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So you want to manage a campaign...

Posted By Patrick Burgwinkle, Monday, November 14, 2011

Do you think you have what it takes to manage a campaign?

Every campaign, from State Representative to President, needs a manager. The campaign manager is responsible for writing the campaign plan, creating the campaign budget, and hiring staff that will execute the campaign plan.

Being a campaign manager requires you to manage relationships. The relationship between campaign manager and candidate is the most important relationship that a campaign manager has to cultivate. The candidate is your boss, but the candidate also relies on you to make decisions about how they should spend their time. This is where "managing up” comes in. You have to be able to disagree with your candidate when they want to deviate from the campaign plan. You have to be willing to tell them that call time needs to take priority over marching in a parade this week or that, no matter the outcome of past elections, ordering more campaign t-shirts is not the best use of the campaign’s money.

Simone Ward is the President of Democratic GAIN’s Board of Directors and managed Sen. Barbara Mikulski’s 2010 reelection campaign. Here is what she had to say about managing a campaign:

"Managing a campaign means you have to be a jack of all trades. You need to understand what your consultants, staff, and candidate are thinking and doing. You’re in charge of the campaign’s budget, too. It’s your job to set the overall strategy for the campaign and then manage the people and relationships that will help your campaign follow that strategy to victory. It is also means managing up. The candidate is your boss, but it’s your responsibility to get the candidate to stick with the campaign plan. That sometimes means telling the candidate, ‘No.’”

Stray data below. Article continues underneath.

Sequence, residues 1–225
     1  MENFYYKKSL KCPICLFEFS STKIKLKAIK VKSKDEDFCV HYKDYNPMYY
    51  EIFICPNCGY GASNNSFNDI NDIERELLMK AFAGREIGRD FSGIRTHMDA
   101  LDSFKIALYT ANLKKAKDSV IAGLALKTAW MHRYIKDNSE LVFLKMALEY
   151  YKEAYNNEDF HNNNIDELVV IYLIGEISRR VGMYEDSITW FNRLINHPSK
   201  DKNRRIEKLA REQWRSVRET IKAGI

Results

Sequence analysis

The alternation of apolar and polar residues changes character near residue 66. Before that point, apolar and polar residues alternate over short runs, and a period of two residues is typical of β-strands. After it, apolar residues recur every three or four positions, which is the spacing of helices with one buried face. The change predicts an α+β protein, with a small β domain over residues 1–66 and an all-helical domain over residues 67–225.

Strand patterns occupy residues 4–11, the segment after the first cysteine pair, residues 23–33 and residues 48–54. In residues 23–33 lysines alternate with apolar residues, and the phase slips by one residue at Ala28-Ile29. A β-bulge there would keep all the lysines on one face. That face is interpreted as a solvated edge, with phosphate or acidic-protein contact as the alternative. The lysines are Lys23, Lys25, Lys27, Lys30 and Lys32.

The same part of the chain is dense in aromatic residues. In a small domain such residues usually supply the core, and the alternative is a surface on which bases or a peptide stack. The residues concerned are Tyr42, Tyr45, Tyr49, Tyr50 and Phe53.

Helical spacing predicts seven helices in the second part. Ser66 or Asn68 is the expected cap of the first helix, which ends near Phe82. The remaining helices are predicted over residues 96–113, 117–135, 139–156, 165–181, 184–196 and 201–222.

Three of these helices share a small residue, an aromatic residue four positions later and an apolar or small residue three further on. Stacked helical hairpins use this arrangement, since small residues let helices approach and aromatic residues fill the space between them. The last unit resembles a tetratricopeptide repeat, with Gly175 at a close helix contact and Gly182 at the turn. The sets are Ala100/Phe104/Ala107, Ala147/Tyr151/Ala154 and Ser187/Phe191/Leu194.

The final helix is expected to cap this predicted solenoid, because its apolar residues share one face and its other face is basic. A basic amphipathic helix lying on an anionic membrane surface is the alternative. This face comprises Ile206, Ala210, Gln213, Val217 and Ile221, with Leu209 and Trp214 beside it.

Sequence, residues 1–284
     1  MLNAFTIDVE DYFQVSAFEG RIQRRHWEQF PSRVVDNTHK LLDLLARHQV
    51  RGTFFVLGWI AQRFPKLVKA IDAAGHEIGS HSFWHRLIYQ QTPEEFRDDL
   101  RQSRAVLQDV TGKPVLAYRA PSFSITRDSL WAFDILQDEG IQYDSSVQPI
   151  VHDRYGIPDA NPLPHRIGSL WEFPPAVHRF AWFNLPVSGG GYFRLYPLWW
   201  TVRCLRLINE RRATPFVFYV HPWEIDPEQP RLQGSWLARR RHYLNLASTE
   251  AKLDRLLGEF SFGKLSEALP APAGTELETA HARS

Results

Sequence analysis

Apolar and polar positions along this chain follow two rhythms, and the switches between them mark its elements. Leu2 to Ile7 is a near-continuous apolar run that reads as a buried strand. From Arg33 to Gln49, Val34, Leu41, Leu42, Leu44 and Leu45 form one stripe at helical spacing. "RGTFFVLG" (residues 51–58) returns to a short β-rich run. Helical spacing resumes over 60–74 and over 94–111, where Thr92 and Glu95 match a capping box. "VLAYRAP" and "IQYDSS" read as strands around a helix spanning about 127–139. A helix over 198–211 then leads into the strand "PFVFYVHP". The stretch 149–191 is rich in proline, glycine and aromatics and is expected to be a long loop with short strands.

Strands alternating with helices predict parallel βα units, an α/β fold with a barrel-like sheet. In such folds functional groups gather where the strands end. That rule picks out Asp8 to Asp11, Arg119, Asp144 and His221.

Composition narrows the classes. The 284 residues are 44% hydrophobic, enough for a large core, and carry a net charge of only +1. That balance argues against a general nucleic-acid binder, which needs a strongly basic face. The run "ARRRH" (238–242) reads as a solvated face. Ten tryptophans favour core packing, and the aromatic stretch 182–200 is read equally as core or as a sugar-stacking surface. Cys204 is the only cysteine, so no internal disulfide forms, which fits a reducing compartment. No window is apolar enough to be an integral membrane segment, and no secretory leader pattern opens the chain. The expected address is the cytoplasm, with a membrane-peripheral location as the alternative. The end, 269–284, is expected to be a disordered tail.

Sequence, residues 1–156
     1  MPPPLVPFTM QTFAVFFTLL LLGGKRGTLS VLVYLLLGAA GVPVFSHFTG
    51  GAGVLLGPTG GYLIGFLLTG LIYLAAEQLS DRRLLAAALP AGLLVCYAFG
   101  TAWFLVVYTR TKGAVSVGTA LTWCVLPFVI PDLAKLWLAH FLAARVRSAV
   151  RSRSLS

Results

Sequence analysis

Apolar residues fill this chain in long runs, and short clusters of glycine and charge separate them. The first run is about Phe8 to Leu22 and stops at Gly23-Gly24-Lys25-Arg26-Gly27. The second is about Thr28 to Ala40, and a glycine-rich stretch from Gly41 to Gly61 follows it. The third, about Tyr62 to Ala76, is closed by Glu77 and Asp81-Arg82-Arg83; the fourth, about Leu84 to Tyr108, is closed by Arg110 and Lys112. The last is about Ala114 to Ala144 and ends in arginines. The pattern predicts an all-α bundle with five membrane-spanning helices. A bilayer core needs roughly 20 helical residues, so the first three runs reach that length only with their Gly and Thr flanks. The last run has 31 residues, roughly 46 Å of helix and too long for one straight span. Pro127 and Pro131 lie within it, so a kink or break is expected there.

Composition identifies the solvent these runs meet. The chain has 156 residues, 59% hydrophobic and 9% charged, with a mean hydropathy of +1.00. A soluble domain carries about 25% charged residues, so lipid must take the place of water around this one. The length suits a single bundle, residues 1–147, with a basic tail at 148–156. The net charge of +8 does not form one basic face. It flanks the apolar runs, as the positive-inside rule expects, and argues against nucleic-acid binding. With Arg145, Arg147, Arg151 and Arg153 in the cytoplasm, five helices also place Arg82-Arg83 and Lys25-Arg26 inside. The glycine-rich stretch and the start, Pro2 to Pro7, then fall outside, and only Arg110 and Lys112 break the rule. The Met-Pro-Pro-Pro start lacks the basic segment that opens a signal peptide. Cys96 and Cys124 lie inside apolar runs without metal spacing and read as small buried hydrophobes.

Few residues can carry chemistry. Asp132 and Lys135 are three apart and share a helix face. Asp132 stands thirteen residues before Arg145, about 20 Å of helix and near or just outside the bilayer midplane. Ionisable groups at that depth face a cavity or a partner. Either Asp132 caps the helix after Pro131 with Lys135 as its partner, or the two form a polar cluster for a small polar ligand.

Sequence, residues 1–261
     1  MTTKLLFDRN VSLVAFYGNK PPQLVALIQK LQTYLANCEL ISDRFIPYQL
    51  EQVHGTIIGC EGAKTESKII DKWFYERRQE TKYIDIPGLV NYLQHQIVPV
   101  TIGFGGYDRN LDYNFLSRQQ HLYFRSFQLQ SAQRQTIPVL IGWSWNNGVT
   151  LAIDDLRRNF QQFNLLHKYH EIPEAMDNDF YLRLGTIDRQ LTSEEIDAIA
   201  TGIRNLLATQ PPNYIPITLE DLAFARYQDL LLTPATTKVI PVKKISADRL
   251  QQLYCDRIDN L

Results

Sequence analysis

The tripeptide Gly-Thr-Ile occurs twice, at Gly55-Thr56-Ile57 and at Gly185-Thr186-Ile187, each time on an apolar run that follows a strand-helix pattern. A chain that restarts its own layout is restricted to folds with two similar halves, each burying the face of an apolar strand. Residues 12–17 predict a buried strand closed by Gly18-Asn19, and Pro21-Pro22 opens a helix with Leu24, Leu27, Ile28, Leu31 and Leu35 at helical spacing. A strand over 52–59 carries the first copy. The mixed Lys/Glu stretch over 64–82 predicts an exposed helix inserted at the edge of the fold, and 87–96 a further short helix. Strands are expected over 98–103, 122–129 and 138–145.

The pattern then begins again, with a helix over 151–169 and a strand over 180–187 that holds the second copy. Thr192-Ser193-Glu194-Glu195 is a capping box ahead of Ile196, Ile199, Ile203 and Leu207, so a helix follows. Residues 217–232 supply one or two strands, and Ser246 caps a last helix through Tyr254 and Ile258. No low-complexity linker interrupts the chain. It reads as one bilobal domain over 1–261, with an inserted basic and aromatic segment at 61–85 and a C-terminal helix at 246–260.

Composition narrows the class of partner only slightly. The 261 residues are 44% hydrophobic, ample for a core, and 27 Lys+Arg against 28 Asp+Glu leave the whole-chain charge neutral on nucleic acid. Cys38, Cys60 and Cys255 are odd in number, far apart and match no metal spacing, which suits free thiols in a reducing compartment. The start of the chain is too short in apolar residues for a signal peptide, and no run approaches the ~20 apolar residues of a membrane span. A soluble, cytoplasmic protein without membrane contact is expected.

As campaign manager, you are the nexus for internal communication. It’s your job to keep your staff and consultants on the same page when executing the campaign plan. There will be a number of people who will be more than happy to tell you how your campaign should be run and how you should be doing things. That’s why writing and sticking to a campaign plan is so important.

A campaign manager at their best runs an operation where the different components of the campaign – field, finance, communication, consultants – are working in concert. You set the goals for each department that will help the campaign achieve its overall goal: winning the election. You need to make sure field is knocking on the right number of doors and that finance is raising the amount of money they need to. If anyone is falling behind, the campaign manager has to step in and help them get back on track because the campaign manager is responsible for every decision, success, and shortfall on a campaign.

Think you’re up to the challenge? Come to the Democratic GAIN career fair and meet with the professionals and organizations that are staffing up for 2012!

See you in December!

Tags:  2012  Campaign Manger  Campaigns  Career Fair 

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